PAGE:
How much does a MRAP cost?

How much does a MRAP cost?

MRAP program MRAP vehicles usually have “V”-shaped hulls to deflect explosive forces from land mines or IEDs below the vehicle, thereby protecting vehicle and passengers. MRAPs weigh 14 to 18 tons, 9 feet (2.7 m) high, and cost between US$500,000 and US$1,000,000.

How many lives did the MRAP save?

40,000 lives
In 2011, the Pentagon MRAP shop estimated that MRAPs saved up to a stunning 40,000 lives — 10,000 in Iraq and 30,000 Afghanistan.

What is a MRAP military vehicle?

The Mine Resistant Ambush Protected (MRAP) family of vehicles provides Soldiers with highly survivable multimission platforms capable of mitigating improvised explosive devices, rocket-propelled grenades, explosively formed penetrators, underbody mines and small arms fire threats which produce the greatest number of …

Why was the MRAP important in the Iraq War?

The arrival of these vehicles in Iraq and Afghanistan was heralded as a defining moment for soldiers facing enemy fire in war every day. The innovations fundamental to MRAP vehicle construction and engineering, and the pace at which they flew from concept to war struck many as a small miracle of life-saving proportions.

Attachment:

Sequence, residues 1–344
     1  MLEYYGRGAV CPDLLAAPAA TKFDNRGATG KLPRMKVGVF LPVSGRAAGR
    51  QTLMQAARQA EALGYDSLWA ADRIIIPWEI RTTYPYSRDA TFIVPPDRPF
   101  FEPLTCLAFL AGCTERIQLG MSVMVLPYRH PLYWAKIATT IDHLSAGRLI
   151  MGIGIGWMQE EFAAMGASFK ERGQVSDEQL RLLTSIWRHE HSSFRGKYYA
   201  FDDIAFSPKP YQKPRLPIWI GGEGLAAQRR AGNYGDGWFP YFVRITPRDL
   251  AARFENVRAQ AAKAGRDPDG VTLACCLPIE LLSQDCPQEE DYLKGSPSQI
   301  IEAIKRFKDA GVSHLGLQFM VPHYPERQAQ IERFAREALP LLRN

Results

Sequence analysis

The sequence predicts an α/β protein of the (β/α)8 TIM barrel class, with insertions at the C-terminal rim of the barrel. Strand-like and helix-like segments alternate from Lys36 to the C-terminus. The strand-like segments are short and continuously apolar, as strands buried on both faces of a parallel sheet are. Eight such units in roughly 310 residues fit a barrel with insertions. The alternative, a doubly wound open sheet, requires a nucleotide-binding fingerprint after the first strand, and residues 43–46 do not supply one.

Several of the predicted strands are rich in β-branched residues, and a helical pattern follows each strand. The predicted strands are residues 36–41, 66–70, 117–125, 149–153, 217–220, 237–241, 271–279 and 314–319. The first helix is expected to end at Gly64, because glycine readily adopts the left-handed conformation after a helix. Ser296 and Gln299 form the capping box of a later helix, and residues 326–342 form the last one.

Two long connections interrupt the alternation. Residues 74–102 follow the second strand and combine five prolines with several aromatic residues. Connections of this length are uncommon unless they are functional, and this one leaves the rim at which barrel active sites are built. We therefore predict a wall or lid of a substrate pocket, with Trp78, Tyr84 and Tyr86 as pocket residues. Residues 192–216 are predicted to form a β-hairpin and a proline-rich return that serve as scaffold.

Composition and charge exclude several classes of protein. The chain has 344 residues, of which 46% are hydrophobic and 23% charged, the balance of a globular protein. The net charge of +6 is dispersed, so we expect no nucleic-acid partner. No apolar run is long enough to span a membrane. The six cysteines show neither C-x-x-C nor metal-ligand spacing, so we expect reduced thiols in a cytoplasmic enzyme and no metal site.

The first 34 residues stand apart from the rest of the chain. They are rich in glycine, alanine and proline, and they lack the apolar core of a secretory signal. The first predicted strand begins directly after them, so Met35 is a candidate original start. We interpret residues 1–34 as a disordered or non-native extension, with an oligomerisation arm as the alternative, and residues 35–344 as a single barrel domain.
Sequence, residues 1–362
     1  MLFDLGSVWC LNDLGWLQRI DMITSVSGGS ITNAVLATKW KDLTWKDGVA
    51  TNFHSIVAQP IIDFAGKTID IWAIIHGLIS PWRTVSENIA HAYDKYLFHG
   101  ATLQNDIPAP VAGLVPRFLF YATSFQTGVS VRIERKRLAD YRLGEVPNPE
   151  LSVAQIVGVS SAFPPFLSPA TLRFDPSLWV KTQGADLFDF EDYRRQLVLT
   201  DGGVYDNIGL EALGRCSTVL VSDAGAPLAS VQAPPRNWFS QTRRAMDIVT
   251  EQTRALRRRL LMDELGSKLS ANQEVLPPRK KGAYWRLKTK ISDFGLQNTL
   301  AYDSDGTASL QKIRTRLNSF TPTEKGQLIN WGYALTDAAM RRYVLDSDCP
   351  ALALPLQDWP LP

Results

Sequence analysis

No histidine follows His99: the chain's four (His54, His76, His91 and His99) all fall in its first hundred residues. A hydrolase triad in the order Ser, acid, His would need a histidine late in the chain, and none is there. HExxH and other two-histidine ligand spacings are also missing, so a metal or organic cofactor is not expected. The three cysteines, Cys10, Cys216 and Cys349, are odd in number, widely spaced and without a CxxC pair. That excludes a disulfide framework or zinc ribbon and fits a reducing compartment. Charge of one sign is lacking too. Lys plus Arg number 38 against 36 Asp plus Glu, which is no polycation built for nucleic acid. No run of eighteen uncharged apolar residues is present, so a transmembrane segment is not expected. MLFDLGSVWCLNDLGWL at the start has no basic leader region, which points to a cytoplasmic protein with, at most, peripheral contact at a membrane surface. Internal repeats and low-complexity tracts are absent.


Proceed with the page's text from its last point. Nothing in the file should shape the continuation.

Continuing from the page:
When was the first MRAP military vehicle made?

The first MRAPs emerged in the early to mid-2000s, and in 2007 former Secretary Robert Gates made the now-famous comment that acquiring MRAPs was the Pentagon’s highest priority. Within just a few years, thousands of MRAPs were built and delivered. Would you like to see Barack Obama on the Supreme Court?

How are MRAP armored vehicles built to survive?

MRAPs were built such that in the event that the vehicle had to absorb a massive IED hit, the core capsule or chassis of the vehicle would stay intact. The wheels may come off, various pieces and components may get destroyed, yet the soldiers riding inside… survive.

Can a roadside bomb kill a MRAP vehicle?

Fire, flying metal fragments and burning hot explosive materials could not stop them… despite being on the receiving end of a massive roadside bomb attack did not kill soldiers at times riding in the now-famous Mine Resistant Ambush Protected blast-deflecting war vehicles.

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